In 2015, I am going to set myself a simple but challenging goal, and I hoping a few of you will join me.
Make one outfit out of fabric sourced and made locally, that uses no synthetic dyes, and is sustainably farmed. Other than sourcing this fabric I will buy no new fabrics in 2015.
I don’t know about you, but I find the lack of information provided by fabric retailers (online and brick and mortar) really frustrating. It is very difficult to find certified organic fabrics in Australia so most of the time you are in the dark about what you are buying.
So I did some reading. I tried to find life cycle assessments of each raw fabric type, but after reading a few papers, realised that many of them are sponsored by a manufacturer or industry association, rendering their conclusions, shall we say, difficult to interpret. I found it particularly hard to find good information relevant to Australia, and so, I was left with a load of questions:
Then, I the listened to this Fibershed podcast featuring Rebecca Burgess. I loved her approach of focusing on buying local so you can get insight into the process. Rebecca used a 150 mile radius to source her the fibre, dyes and labour for a years worth of clothing. I got wondering, could you even finding any fabrics in that meet those goals in Australia? Let alone Western Australia?
The Ground Rules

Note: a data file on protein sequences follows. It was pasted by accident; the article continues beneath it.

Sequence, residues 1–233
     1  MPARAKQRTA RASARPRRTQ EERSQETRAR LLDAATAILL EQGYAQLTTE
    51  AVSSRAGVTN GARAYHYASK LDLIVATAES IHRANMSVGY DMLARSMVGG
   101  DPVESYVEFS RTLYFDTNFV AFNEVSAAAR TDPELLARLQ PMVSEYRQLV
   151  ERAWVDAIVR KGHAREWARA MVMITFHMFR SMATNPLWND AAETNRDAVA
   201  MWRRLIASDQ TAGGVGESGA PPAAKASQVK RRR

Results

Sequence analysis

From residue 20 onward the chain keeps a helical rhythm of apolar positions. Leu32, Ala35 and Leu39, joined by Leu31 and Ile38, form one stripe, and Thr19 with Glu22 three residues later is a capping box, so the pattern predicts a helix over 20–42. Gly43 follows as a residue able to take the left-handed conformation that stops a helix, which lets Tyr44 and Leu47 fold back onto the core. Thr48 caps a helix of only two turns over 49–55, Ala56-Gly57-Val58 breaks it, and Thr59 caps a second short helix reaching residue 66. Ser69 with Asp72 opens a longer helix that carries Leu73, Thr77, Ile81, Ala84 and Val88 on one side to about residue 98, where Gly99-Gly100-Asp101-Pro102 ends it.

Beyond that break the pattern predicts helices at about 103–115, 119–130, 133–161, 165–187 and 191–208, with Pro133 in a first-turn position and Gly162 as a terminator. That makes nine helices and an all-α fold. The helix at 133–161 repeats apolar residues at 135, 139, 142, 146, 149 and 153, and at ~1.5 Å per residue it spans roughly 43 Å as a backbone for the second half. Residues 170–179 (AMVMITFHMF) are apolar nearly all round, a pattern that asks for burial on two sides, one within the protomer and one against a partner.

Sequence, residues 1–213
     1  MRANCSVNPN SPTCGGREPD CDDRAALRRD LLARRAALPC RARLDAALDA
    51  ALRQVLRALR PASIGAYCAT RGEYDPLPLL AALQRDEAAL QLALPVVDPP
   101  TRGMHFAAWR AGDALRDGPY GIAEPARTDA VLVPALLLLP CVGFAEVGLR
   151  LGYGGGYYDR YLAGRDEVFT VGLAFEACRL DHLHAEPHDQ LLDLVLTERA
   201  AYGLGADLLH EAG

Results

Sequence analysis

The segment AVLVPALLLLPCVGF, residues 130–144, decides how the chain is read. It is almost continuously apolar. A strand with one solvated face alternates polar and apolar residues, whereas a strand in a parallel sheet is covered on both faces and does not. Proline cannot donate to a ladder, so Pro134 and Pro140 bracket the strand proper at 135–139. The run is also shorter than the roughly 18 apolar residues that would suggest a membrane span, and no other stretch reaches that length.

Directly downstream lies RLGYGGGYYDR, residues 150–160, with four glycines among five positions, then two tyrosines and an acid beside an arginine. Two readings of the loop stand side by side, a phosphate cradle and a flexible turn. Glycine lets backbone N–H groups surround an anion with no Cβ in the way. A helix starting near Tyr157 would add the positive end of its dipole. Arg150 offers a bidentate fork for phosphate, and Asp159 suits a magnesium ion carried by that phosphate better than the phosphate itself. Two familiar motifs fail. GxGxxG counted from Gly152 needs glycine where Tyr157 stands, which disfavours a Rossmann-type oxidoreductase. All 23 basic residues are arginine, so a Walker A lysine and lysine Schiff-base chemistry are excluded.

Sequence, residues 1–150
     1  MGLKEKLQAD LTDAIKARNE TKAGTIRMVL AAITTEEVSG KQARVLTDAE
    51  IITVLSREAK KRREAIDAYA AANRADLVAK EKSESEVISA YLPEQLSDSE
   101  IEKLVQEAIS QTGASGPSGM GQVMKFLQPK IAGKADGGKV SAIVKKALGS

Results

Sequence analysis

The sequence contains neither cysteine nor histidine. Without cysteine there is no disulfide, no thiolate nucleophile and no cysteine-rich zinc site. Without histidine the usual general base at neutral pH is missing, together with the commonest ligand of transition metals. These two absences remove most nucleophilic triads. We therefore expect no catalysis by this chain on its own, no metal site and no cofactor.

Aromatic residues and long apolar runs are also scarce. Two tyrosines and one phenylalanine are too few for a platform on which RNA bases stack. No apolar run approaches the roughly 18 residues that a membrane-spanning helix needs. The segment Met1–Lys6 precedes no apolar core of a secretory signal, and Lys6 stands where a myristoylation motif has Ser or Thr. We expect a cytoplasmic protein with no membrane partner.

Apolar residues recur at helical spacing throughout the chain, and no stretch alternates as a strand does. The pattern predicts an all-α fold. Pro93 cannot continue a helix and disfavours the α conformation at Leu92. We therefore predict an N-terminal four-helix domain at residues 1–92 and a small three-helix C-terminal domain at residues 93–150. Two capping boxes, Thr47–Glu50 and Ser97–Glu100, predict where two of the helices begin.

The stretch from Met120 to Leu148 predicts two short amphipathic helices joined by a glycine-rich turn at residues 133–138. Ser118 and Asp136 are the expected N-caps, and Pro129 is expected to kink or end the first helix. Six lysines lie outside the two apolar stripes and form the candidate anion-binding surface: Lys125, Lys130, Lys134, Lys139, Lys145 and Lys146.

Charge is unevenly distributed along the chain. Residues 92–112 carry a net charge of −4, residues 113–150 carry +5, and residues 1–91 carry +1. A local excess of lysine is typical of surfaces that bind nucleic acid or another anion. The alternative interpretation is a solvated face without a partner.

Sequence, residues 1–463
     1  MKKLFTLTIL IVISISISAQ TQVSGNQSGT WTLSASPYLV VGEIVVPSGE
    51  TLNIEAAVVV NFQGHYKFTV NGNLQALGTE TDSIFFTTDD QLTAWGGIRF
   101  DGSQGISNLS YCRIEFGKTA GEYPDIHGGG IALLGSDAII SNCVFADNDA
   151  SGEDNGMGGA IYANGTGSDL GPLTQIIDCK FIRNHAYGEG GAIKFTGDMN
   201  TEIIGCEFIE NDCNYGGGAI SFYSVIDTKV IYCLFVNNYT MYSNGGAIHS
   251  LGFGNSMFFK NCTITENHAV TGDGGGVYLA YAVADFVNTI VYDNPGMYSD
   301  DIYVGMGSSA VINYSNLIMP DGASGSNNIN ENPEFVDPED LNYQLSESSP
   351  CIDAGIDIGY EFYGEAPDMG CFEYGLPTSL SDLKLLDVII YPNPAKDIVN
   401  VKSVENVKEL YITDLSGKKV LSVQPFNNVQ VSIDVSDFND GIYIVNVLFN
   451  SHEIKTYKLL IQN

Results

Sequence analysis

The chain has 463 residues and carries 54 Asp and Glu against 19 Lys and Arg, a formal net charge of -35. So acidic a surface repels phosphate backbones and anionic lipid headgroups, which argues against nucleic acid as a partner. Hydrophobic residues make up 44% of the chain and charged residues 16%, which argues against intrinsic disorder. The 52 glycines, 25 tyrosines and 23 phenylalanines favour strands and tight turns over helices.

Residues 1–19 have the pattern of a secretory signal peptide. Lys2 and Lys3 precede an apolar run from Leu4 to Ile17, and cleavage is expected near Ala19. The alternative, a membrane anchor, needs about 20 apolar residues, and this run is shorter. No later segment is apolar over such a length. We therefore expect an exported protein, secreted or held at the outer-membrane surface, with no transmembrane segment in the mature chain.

Well, over the next year I am going to find out. I aim to make an outfit (a top and bottom, or a dress, or a bikini – who knows?) out of fabric that meets the following guidelines:
– the fibre must be farmed and processed wholly in southwest Western Australia (a generous 500km radius)
– all fibres must be natural
– any dyeing must also use local non synthetic materials
– all fabric and clothing made must be of quality construction so as to ensure the life of the clothing is long, and not need excessive ironing or washing.
In addition, I will not purchase any new fabric in 2015 that doesn’t meet this aim. All other sewing will be from the stash. Don’t worry, there is plenty of stash to be sewn!
Pretty stringent requirements, but to me, using secondhand fabric is far superior in terms of sustainability so any new fabric best be worth the resources used. Along the way, I hope to answer all those lingering questions, kicking it off in the new year with some insightful interviews.
This is all an adventure, one that you are welcome to actively join in. Do you think you could find a local fibre that meets these aims? Is there a fibreshed program in your area that you could link into? Or a spinning and weaving group? Do you want to learn more about how fabric is made? Do you want to learn a new skill like natural dyeing, weaving or spinning? You can modify the goals to suit you (particularly the no new fabrics bit!) as needed as long as the intent is still there.
Or just read along as I find out whether it can be done. Just one teensy tiny outfit and a whole year to do it. Couldn’t be that hard….you in?
I do like your thoughts. I can only think of wool as locally produced, and that would involve knitting, or felting, so I will read along with interest and enjoy being educated. I like using fabric from others’ stashes, opp shops and repurposed – and I have some stash that is looking for a new home 😉
Yes, Im unsure what the Victorian search would find! Hopefully a few people are interested as im moving back in 2016. How cool would it be to have an easy way to share stashes? Someone needs to create a stash swap site or something…